IIT-Hyderabad researchers unravel protein mechanism to mend damaged DNA
Hyderabad’s Indian Institute of Technology reportedly claimed that its researchers had unravelled working of a protein that repaired damaged DNA.
“Our laboratory seeks to understand the working of DNA damage repair proteins. Certain types of chemicals produced naturally in the body can damage DNA and, if not fixed early, may trigger cell death,” said Anindya Roy, Associate Professor, Department of Biotechnology, IIT-H.
According to the institute’s study, humans have a repair mechanism that involves activation of a special class of proteins, called ‘DNA repair proteins’. With the increasing awareness about the impact of DNA damage, efforts are being made to understand how these repair proteins work, both as an academic exercise as well as the foundation for therapeutic interventions.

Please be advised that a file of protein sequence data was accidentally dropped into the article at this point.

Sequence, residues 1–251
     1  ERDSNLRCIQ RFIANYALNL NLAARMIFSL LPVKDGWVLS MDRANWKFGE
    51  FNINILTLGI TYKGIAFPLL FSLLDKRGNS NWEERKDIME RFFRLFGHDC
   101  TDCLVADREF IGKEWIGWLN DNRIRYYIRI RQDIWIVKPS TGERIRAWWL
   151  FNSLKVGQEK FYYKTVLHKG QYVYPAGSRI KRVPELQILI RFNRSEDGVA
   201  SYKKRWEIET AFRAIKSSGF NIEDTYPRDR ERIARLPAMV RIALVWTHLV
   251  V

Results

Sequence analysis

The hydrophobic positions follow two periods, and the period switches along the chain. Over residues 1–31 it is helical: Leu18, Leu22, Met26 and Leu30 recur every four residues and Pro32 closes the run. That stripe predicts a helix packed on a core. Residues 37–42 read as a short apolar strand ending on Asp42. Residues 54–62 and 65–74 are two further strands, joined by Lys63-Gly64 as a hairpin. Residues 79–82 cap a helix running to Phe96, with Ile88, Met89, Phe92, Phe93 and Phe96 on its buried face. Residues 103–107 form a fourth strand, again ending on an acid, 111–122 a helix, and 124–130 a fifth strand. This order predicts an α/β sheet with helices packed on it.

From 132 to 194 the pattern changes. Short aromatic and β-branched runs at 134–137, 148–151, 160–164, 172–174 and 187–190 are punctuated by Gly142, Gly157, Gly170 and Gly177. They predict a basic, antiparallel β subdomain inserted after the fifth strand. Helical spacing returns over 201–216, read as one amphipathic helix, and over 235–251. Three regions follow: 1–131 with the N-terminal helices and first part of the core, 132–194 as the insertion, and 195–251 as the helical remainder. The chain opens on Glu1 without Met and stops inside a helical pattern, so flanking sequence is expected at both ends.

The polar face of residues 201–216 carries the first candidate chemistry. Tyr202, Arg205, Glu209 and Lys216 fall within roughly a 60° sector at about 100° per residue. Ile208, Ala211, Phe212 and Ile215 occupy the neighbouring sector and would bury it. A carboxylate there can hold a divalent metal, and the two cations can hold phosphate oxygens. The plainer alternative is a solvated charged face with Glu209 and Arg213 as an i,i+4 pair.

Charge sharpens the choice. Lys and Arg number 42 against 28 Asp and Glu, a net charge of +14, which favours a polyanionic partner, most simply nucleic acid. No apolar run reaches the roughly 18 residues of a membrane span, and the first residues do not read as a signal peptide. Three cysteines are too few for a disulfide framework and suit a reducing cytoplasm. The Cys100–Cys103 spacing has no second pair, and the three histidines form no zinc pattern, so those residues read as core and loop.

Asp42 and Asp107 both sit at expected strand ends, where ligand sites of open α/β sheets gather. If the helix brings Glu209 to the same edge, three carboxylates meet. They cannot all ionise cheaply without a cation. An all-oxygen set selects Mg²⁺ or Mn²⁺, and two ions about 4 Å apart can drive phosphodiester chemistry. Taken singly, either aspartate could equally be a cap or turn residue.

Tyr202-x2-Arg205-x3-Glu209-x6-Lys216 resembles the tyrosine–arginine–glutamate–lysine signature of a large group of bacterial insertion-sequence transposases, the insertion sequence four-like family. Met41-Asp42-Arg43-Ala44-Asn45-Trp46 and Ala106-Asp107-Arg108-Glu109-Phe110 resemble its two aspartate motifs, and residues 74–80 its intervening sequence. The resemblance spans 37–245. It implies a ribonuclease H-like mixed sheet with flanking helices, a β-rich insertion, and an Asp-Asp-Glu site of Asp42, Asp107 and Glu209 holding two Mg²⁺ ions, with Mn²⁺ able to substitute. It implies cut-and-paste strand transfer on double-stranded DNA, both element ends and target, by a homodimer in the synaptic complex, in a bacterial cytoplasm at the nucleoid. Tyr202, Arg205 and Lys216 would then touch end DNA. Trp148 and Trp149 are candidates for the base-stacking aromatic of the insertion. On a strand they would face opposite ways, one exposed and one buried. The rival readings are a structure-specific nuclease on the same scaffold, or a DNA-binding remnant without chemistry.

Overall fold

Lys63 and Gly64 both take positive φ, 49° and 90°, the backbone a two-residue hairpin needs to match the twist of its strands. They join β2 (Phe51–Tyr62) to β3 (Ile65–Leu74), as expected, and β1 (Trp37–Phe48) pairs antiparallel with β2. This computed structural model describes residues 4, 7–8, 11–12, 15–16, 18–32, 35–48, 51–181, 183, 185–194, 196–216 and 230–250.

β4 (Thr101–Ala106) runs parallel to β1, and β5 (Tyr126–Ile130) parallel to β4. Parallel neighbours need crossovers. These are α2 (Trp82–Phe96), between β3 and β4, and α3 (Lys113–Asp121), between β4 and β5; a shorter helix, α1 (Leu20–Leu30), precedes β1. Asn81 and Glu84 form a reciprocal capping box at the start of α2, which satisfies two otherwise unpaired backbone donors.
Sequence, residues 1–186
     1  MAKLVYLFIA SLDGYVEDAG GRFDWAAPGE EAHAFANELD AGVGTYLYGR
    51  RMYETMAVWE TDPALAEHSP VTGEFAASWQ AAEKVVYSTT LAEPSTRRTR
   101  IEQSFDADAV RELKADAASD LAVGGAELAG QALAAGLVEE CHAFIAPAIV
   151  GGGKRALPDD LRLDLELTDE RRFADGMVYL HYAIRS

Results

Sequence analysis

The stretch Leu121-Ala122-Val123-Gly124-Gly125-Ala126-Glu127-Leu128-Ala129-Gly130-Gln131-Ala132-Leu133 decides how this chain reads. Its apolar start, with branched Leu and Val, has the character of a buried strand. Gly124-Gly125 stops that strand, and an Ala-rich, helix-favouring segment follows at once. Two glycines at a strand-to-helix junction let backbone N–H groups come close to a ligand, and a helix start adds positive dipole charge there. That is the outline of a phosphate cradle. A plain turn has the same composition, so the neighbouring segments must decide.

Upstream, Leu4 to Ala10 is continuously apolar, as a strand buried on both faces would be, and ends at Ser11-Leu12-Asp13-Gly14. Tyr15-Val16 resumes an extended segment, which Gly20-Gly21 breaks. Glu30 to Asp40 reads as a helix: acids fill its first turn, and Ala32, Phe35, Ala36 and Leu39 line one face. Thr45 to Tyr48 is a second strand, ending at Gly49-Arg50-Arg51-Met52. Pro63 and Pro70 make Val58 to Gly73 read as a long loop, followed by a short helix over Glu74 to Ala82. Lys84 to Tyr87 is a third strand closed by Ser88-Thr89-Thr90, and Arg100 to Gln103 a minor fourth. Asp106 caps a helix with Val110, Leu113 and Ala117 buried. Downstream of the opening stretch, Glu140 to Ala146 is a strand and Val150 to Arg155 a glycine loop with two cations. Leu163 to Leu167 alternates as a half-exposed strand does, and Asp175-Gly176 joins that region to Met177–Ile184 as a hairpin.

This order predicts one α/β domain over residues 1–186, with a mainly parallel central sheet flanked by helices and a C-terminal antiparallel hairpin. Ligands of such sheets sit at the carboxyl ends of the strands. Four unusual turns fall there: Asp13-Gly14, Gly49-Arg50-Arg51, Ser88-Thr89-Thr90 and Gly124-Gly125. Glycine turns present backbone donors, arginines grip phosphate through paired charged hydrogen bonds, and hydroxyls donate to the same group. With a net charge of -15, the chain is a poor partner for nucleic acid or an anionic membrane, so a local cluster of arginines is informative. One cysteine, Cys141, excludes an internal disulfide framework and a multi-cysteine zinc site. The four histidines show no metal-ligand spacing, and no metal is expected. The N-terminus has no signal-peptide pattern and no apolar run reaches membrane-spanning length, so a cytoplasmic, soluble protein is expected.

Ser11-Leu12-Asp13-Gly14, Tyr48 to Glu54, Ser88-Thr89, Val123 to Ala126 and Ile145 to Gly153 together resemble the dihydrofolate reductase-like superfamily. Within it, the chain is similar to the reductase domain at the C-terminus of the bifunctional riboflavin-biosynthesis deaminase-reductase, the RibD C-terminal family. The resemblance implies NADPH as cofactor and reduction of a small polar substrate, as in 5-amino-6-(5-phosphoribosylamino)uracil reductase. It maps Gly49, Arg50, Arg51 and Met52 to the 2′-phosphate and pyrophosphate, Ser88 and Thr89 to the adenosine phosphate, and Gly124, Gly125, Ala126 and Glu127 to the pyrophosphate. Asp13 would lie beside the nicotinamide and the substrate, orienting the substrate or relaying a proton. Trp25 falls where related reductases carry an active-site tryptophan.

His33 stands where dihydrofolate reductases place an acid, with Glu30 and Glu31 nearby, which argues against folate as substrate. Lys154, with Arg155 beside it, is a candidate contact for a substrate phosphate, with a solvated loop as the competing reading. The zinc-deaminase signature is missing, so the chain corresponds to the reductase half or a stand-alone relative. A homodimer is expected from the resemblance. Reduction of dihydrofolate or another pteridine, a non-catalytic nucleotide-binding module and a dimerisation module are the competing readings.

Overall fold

The institute has discovered the mechanism by which these repair proteins assemble when DNA is under threat. The researchers studied the action of one specific protein, called alkB homolog 3 (ALKBH3). The study reportedly states that ALKBH3 repairs alkylated DNA containing 1-methyladenosine and 3-methylcytosine through oxidative demethylation, but the mechanism has hitherto remained unclear. The research team has unravelled the mechanism by which ALKBH3 brings about demethylation.
“We have found ALKBH3 has a direct protein-protein interaction with another protein, called RAD51C, and this interaction stimulates ALKBH3-mediated repair of methyl-adduct located within 3’- tailed DNA,” Roy said.
The results of the study, conducted in collaboration with Arun Goyal, Professor at the Department of Biosciences and Bioengineering, IIT-Guwahati, has recently been published in Nucleic Acid Research, a peer-reviewed journal.
The paper has been co-authored by Anindya Roy, Arun Goyal and research scholars -- Monisha Mohan, Deepa Akula and Arun Dhillon.
*Edited from an IANS report.